Whether cannabis should be prescribed at all, whether it should be decriminalised or legalised (as per Canada Oct. 2018) is the fundamental question.
However that question is answered it should be on based on the BIo-Psycho-Social Model. If it is to be prescribable, it is the GP who works within that framework, not any of the anatomically / system based specialists.
Until cannabis has been vetted in clinical trials as any other pharmaceutical / 'drug' and has been determined to efficacious and safe, it should not be a prescribable medication, by anyone.
Finally, maybe there is something in the distorted thinking that only a 'specialist doctor' can prescribe unlicensed medicines, this on the base that they will not know anything about it anyway.
Nothing could be clearer about the GMC's lowly view of General Practice as a 'decision must made only by a secialist doctor - not a GP'. Apparently supported by the BMA GP Committee's endorsement.
If the 'Specialists' had any sense they would refuse to accept this politicised responsibility.
At age 70, the CV risk based on age alone is 10% and the risk is stated to double every 7- 8yrs.
Medical marijuana has been prescribable for years in Canada, and it soon be fully legalised - nontheless the deaths from opiate overdoses continue to rise. British Columbia has the highest rate where it's about 4 per day, though March was high at 162 and July 134.
So that's one argument out the window.
Agree with David Banner's commentary.
Marijuana will be fully legalised in Canada this year after being available as 'medical marijuana' for a number of years. it is an entirley political decision unrelated to factual, data based evidence for efficacy in any but a very small cohort of medical disorders, e.g. reduction of seizures in Dravet's syndrome.
It's political philosophy/stance is to 'protect our youth and to get the criminals off the streets', verbatim from the Provinical and Federal Ministers responsible.
This is rhetoric and nonsense, if only because of the same intention relating to the succes of keeping alcohol and cigarettes out of the hands of the underaged. What a joke. Current study estimates that around 43% of 15-19yr old use, or have used, marujuana, and this while has been illegal.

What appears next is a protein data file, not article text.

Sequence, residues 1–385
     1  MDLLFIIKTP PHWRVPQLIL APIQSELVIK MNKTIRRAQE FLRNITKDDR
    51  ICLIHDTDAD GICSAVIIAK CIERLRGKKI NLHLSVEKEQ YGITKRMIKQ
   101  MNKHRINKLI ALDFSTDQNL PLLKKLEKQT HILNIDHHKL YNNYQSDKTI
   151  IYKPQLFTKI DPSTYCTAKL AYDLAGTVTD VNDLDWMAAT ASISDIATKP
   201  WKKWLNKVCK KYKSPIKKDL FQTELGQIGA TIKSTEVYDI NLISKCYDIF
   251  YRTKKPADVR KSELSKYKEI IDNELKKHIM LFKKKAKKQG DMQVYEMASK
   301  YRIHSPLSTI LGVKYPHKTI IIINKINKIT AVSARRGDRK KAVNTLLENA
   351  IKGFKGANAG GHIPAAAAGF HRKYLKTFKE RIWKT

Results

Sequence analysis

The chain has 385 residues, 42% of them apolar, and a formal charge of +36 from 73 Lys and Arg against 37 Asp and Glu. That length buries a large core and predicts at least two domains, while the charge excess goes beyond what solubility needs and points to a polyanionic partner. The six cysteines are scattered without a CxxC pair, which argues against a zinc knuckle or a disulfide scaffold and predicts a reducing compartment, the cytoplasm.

There are currently 111 licensed commercial growers in Canada and the estimate of their combined production is over 400 tons annually of dried marijuanaamte. The 'average' joint is stated to contain about 0.5 grams. You work it out
Additionally, every household will be legally entitled to grow 4 plants for their 'own' use.
This is sheer madness and a long term social distaster in the making.
Canada will become the new Panama-Columbia. The largest Canadian grower, Canopy Growth, which has 1,000,000 sq ft of greenhouse space, already exports to Germany.
The only benefit for physicans will be that the 'needy' requests for 'medical' marijuana will be more easily refused.
Regarding prescribing marijuana, it is akin to precribing a bunch of foxgloves t.i.d. for heart failure.
Clear conflict of interest. As well as been a shameful proposal, it yet again illustrates the completely different and divergent mindsets of the bureaucrats 'managing' the NHS to those of physicians. A general misunderstanding of how the practice of medicine functions.
Based on her undoubtedly vast field experience in the actual provision of General Practice primary care, ask her how many patients per hour and how many work hours per week she would deem necessary for GPs to be recognised as 'delivering enough'.